For Thanksgiving, I'd like to offer my take on Thanksgiving, 1932 in the combined households of Ava Kimber and her friend and neighbor, Trudy. Times are hard, but they can still find reason to be grateful, and it's the one day of the year where no one worries about leftovers.
Trudy and I combine forces for Thanksgiving. Karl has not returned, and for a few days, my smiling friend is replaced by a sad-eyed woman who looks ten years older. She pulls herself together because Fritz and Hetty, her remaining grandchildren, need her.
In addition to the moral support, a joint dinner means more food for all. One of Daniel’s friends managed to shoot a couple of turkeys in the woods north of town, and he brought one home in exchange for helping to fix a roof. The house is perfumed with its rich scent.
Carrying the platter across the back porch to Trudy’s kitchen, I think about how this was always Mama’s favorite holiday. She was big on gratitude, giving loud thanks for blessings other people might not have recognized as such. I want to be more like her, but I can’t help but see that we have a turkey only because Daniel gave up his day off, and a meal meant for family must be shared with others for there to be enough.
I hear Mama’s voice, as I often do these days. Family is whoever you choose to bring under your roof. Trudy is family, in that sense, as was Dora, her daughter-in-law.
There are thirteen of us around the table, which is two tables put together and dragged into the front room: Trudy and Hermann, Fritz and Hetty, Daniel and me and our five, and two of Trudy’s boarders who were invited at the last minute, soft-spoken men whose contributions are a pie and a packet of tea.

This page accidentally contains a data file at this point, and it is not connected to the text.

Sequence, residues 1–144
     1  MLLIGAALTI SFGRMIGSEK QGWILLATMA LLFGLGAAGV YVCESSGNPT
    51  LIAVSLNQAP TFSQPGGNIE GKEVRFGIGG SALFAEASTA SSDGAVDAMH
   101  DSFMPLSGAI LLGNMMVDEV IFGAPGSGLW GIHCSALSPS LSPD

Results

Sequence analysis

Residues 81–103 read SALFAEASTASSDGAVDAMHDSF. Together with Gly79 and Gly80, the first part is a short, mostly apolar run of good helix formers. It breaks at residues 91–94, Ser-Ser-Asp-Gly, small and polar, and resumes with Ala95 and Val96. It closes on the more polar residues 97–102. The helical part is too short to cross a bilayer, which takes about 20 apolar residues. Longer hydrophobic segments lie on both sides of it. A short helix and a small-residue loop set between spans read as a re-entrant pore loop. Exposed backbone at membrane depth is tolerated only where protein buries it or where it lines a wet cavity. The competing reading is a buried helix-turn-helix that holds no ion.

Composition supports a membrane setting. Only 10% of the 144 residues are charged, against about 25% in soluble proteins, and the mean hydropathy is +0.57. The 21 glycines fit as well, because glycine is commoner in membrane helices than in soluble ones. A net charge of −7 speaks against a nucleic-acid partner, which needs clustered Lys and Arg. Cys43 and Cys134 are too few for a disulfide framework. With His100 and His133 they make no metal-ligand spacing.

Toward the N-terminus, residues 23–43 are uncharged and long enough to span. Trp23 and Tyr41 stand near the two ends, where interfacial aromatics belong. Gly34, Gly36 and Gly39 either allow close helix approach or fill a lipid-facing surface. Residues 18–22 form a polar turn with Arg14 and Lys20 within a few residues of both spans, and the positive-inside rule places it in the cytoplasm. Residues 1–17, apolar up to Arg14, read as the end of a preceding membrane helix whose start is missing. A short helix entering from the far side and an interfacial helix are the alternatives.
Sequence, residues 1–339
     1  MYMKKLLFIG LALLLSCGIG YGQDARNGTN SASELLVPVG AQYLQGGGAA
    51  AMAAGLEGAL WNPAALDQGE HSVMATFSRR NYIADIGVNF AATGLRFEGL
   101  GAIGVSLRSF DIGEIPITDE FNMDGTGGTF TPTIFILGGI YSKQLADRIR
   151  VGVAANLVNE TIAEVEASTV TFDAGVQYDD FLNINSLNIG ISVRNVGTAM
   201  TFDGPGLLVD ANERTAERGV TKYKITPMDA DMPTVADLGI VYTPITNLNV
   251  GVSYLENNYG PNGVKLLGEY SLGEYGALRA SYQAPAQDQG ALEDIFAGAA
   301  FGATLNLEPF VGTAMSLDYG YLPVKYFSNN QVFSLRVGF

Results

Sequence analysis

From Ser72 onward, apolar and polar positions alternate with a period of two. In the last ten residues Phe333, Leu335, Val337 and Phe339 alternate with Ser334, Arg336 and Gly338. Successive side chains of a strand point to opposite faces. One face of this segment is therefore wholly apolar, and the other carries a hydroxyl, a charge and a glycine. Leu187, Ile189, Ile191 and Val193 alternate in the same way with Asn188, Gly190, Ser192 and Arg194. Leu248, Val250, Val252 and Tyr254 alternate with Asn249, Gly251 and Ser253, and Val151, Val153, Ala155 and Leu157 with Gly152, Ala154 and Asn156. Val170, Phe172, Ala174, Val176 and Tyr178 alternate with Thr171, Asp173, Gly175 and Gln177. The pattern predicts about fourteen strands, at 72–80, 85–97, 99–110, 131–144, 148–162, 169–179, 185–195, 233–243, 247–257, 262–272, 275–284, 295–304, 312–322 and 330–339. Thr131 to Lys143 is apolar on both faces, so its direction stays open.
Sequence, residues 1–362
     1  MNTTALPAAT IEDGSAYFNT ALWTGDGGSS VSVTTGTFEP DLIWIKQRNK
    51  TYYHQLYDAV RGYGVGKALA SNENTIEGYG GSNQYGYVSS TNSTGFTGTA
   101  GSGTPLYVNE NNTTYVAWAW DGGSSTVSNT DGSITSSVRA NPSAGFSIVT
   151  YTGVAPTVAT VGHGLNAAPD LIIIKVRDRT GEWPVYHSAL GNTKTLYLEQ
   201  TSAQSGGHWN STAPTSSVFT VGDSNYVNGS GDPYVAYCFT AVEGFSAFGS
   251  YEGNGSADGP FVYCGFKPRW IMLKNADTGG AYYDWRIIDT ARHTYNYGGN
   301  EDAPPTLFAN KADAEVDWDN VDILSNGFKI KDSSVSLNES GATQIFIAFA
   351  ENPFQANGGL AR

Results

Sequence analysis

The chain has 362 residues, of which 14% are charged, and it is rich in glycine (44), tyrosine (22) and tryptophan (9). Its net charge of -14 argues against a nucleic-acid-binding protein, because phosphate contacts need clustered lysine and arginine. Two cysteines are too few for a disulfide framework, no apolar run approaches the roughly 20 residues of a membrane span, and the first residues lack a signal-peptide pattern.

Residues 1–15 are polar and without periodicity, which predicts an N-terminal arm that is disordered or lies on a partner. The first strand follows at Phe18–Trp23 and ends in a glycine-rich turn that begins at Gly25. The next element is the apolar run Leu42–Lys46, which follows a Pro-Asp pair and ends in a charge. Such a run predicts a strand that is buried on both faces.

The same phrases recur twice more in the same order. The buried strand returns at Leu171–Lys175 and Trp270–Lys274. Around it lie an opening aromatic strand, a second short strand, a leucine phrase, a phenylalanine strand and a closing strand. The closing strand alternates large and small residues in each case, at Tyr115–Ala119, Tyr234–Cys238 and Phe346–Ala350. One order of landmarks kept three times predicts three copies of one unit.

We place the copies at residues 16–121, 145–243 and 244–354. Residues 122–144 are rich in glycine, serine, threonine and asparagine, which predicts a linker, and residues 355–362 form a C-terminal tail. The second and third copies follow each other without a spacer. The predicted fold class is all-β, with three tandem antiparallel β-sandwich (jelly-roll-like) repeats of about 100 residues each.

“Bless us, O Lord, and these, Thy gifts which we are about to receive from Thy bounty. Through Christ, Our Lord, amen.”
The room falls silent but for “please pass the potatoes” and “may I have more beans?” For once no one worries about holding back for the next day.
One of the men says something to Hermann, and he repeats it to Trudy. She turns to me. “Hans says at such a meal, his family would go around the table and each person says what they are grateful for. Do you think this is good?”
“It sounds like something Mama would have liked.”
Her eyes crinkle. “Then we shall do it for Lillie.” She explains the idea to everyone and points to the man who suggested it. “Hans, is your idea, so you go first.”
Hans blushes and stammers, but manages—with Trudy’s translation—to say, “I am thankful to be surrounded by kind people when I am missing my family.”
His friend, whose name I didn’t catch, echoes him, word for word.
“I’m thankful for turkey!” Toby waves his fork.
“And pie!” George, not to be outdone, points toward the kitchen.
“I’m grateful for my family,” Dandy says, ducking his head.
Trudy looks around. “I am thankful for my family that is here, and my family that is not here.”
Fritz, his chin quivering, gulps and says, “I am thankful Mama didn’t live to see us separated.” His grandmother says something sharp in German and the boy shakes his head.
“I’m grateful for Granny,” Pearl says, smoothing things over. “I’m grateful we had her as long as we did.”
“So am I, honey.” I put my hand over hers. “And I’m grateful for everyone at this table today.”
“Thelma?” Daniel asks. “What about you?”
She looks up through tousled curls. “I’ll be grateful not to be the baby anymore.”
There is no night shift on Thanksgiving. Daniel and I huddle together under the quilts, listening to the murmur of the kids’ conversation on the other side of the wall. It quiets down soon enough; their bellies are too full for them to stay awake for long.
“You never said what you were thankful for.” I roll on my left side, the only position in which I am comfortable.
He curls around me and nuzzles my neck. “Like you have to ask,” he says. “I’m thankful for you, and our family. I’m the luckiest man in the goddamn world.”
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